There are some things I don’t want to discount. Your routine (though you probably dreaded it at times when you were in the workforce like the rest of us) was very healthy for you. A new routine where you can regularly interact with people is crucial (even if you’re energized by being away from people). You need some things that require you to get out of the house even if, in case, your health isn’t optimal.

        Structure, interaction with others, a healthy diet, consistent exercise (even very small amounts), meaningful activities (a ministry, otherwise known as your personal exercise of God’s love in action) and time with God all are crucial.

        In regards to volunteering, why not start something on your own? It can be as simple as mentoring a younger guy, regularly having a family to your house for a meal, writing notes of encouragement or whatever else God directs you to do. That way, you don’t feel like a “lesser person” because you’re not paid staff. When you get out there and start a ministry, you’re always a crucial part of it. Do what you can and don’t overdo it. If you find the right ministry, it won’t feel like drudgery but will, instead, energize you.

        Even as I write these words, I know that God is working through me despite my many weaknesses (each child of God has a supernatural spiritual gift!). I know this is not me coming up with the words (unless I say something stupid!)–I am way too unimpressive for that. God works through me and manifests Himself through me.

        He will do the same through you and every other believer, manifesting your supernatural gift or gifts. Supernatural gifts are capable of blowing peoples’ minds because they are not you but are God working through you and despite you.

        Our weak “vessels” or “jars of clay” make those exercised gifts sparkle all the more!

        This blog is a way for me to exercise my spiritual gift. I couldn’t find that in the institutionalized church even as a pastor.

        As a pastor, I had little freedom to be honest when I spoke. I had to keep those paying my salary happy with “convenient” truth. Whenever I crossed the invisible line, I was reprimanded. I felt like a caged bird. And the caged bird doesn’t sing or so the saying goes. There were far too many people who were gladly willing to “shut me up” so I just stepped right on past them and started doing God’s work anyway.

        The church of the western world is mainly about a group of people coming to watch the pastor exercise his gift. What about the dozens, hundreds and thousands watching? Each one of them has a supernatural gift that too often just sits on the shelf as they become a spectator.

        Christianity is the furthest thing from a spectator sport but we’ve done our best to make it one!

        Millions sit on their spiritual gifts instead of using them. God’s children are stifled by a broken church system (the pastors are victims of the system, also). It costs so much money to keep the “machine” in operation and a lot of gifts never get used–sounds like a huge waste to me. Not to mention, the destitute are rarely helped like they could’ve been because of these big in-house budgets.

        Imagine if all those gifts became active. If all those resources became available. A revival like never before would break out around the world.

        People would come to Christ in droves because they wouldn’t be able to explain the love they witnessed in any other way. Those gifts are obviously the love and power of God working through frail, weak and unimpressive people.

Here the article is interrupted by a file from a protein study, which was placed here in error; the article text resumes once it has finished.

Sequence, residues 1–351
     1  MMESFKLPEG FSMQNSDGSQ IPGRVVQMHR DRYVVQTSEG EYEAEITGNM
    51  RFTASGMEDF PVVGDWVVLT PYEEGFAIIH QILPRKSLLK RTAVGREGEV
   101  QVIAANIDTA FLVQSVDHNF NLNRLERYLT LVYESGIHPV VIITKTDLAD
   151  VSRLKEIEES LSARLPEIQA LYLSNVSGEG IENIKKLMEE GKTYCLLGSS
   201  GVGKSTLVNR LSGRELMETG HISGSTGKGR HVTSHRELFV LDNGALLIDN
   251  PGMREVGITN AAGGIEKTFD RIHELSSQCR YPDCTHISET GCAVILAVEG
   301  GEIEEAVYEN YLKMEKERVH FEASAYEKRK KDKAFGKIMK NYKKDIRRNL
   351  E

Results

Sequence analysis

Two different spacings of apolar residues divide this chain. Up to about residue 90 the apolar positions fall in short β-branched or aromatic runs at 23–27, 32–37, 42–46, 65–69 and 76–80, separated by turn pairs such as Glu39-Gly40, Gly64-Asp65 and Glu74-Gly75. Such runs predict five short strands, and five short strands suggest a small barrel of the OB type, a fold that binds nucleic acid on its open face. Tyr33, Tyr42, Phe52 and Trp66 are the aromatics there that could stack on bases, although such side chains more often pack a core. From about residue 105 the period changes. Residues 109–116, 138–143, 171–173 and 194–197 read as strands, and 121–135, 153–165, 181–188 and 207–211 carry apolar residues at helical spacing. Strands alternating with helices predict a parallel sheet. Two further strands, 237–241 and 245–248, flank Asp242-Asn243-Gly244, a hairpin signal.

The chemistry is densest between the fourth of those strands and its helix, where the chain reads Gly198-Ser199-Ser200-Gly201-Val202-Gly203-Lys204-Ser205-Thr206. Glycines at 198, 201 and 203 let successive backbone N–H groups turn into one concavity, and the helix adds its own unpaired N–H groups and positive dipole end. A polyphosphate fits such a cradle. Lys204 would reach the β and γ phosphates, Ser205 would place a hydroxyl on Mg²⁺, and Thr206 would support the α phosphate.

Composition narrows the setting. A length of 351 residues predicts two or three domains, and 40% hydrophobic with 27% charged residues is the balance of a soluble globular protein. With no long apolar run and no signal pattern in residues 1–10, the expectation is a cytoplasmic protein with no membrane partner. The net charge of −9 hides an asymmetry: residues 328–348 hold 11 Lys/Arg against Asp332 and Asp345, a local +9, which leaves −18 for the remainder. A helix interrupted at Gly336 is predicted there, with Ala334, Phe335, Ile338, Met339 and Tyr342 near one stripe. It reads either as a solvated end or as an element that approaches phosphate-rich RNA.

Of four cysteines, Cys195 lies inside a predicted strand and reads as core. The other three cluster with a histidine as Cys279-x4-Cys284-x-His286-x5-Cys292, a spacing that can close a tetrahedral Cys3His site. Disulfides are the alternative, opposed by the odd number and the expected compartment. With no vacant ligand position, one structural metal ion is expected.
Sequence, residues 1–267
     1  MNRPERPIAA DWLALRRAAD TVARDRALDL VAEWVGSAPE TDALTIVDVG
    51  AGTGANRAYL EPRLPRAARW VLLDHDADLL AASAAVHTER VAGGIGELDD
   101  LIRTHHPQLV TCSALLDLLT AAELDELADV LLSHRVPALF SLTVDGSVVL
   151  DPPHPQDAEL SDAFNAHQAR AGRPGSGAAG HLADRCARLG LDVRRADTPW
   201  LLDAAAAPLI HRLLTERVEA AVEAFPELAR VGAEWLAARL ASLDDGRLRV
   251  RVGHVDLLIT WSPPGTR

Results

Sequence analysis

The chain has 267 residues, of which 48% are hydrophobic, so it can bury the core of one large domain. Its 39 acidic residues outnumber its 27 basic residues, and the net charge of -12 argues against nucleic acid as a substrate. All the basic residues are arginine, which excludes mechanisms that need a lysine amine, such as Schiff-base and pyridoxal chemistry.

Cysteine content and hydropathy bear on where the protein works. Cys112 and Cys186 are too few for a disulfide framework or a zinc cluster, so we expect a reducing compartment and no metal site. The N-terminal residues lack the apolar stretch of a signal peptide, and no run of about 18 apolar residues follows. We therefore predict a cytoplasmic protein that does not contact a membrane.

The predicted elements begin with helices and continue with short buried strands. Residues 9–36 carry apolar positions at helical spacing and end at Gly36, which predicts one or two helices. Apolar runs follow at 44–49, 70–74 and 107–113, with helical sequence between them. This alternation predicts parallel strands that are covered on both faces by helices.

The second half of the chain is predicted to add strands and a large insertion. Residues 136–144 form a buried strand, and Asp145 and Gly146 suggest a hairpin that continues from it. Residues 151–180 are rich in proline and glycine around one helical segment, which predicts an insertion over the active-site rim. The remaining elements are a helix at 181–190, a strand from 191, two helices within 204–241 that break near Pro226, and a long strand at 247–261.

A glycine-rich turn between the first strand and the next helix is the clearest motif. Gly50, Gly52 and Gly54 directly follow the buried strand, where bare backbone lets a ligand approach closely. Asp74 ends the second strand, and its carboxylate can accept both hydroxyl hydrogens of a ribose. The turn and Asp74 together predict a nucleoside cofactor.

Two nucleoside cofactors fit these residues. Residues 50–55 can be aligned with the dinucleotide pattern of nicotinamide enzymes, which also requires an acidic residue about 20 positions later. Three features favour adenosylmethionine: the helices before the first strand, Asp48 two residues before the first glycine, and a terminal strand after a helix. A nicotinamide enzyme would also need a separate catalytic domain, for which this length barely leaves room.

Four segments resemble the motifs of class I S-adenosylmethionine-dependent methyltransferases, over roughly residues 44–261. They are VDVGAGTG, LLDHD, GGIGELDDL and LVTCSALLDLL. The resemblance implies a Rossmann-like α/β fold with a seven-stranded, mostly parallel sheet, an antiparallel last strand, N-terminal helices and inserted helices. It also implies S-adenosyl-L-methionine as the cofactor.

As it is, some churches are the most unloving places you can find anywhere. Is it any small wonder? You gather a big group of Christians together who aren’t empowered to make an eternal impact. Rather, that desire is stifled and suppressed. Many are unfulfilled and not fulfilling their mission (supernatural gifts are placed on the shelf). No wonder so many are unhappy!

        Grant, you don’t need permission from a religious body to do ministry (to do a good work) though a good church family will encourage you to do just that. The religious establishment tried to scold Jesus for healing on the Sabbath but he paid them no mind. More than ever, when I get scolded for doing a good work, I don’t pay the “haters” any mind either.

        There are a number of people who have tried to shut me up and discourage me as a Christian blogger. I’ve heard more than once that I’m not spiritual enough to run a spiritual blog!

        That’s funny to me for a number of reasons. First, because they’re right! I’m not spiritual enough–not even close! No one is. God uses weak people just like me all the time. All you have to be is willing.

        “God doesn’t call the qualified, he qualifies the called.”

        Second, I’ve often been discouraged from ministry and seen others discouraged from ministry by the church establishment. That is very confusing to me for several major reasons.

        First, because we’re often considered unworthy by others to do good works. All that money creates a lot of politics. Pardon me, but aren’t good works what characterize a good person (a person controlled by God)? How is one ever to become good if we don’t release others to do good?

        Secondly, we discourage people from the very thing that transforms them and others–the exercise of their supernatural spiritual gifts.

        No one pays me to do what I do here and that provides a unique freedom. (I couldn’t have said what I just did from any church pulpit without getting the “what for!” 🙂 You can do the same. Whenever you want to do a good work, just do it and watch what God does through you!

        I’d say that the struggle to find purpose is a guarantee of life. For me, finding my place or specific purpose in life has been challenging and, too often, a downright dogfight. Every life transition is marked by this confusion all the more. Unfortunately, most have to struggle to find their mission or calling. All I can say, Grant, is keep struggling. I’ll pray for direction for you, too. The fact that you’re asking the tough questions means you’re on the right track.

        Lastly, no activity on earth will completely fulfill you. We were made for Heaven. That pain and longing can produce all kinds of good works and love as we lean on God’s strength to get us through. We know that the best is yet to come and that gives us hope!

  3. Judy Kronlein says :

    Your writing causes me to smile.

    1. So glad, Judy! 🙂